“God’s country.” “For God and country!” We’ve all heard these phrases. Until recently, I’ve have really thought about what it means. They sound Christian but anyone following this “Stuff we Say” series knows anything can sound Christian and not be.
“God’s country,” as defined here means this: “1. an area or region supposed to be favored by God, especially a naturally beautiful rural area. 2. an isolated rural area. 3. one’s native region.” None of these are really scriptural. Yes there are extremely beautiful places in this earth, but God created all the earth – even the parts deemed ugly by us. All the earth is beautiful and brings glory to Him. I will admit, after seeing New Zealand as shown in the Lord of the Rings and The Hobbit movies, some regions appear more glorifying than others.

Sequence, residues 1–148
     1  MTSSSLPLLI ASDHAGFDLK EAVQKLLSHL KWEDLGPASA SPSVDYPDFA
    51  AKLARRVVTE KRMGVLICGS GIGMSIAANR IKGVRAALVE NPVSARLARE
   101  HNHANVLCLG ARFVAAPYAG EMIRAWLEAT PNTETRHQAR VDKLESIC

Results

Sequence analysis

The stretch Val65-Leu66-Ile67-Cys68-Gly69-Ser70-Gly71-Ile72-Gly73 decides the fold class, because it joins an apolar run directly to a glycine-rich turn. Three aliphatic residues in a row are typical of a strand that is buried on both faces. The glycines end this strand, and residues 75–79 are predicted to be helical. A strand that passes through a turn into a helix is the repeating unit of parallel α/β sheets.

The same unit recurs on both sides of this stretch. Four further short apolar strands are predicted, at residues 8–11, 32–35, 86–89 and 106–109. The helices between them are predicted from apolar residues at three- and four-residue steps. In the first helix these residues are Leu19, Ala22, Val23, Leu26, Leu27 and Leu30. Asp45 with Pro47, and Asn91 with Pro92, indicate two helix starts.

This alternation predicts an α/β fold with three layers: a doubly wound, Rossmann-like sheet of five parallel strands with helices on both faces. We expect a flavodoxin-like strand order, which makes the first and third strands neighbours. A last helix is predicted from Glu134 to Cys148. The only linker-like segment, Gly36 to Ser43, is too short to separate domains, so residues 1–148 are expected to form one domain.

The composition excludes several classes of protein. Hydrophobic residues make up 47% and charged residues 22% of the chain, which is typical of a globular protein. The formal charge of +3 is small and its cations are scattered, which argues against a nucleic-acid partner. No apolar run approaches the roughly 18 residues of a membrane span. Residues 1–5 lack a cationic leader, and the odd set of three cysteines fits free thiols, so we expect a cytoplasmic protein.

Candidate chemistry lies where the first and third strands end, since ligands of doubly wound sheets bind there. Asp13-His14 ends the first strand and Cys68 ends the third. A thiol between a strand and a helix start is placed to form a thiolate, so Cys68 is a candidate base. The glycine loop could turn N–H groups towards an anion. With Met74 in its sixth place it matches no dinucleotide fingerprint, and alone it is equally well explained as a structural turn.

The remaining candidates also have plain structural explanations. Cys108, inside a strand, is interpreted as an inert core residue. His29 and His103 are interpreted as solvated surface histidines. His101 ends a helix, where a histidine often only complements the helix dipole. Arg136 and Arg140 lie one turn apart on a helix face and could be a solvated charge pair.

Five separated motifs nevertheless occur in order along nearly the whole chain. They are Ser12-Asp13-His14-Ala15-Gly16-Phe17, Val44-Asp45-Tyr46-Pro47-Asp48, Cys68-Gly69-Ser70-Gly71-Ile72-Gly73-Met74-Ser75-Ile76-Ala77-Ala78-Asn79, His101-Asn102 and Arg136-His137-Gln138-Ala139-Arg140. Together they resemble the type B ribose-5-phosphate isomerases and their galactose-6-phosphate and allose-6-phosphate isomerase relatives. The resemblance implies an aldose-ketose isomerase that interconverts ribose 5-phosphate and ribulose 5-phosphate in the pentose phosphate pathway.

God and country
I couldn’t find a definition for “God and country.” I did find here that “God and country” originated from the Army phrase “Pro Deo et patria.” If you consider the conjunction “and” between “God” and “country” this phrase essentially puts country on equal standing with God. Some are motivated to serve “God and country.” Sometimes we have ceremonies to celebrate “God and country.” There are even “God and Country” church services around the 4th of July. The problem with this thinking is that country is held at an equal (or sometimes higher) place with God the Creator, the Most High, who Was and Is and Is to Come. (See the blog series on Idolatry in America to read more about this).
Using the Lord’s name in vain (Ten Commandment #3) means to use his name flippantly, emptying it of it’s real meaning, in ways that make God to be an object. That being the case perhaps we need to look very closely at what we mean when we say these. I’d say God comes before country…. way before.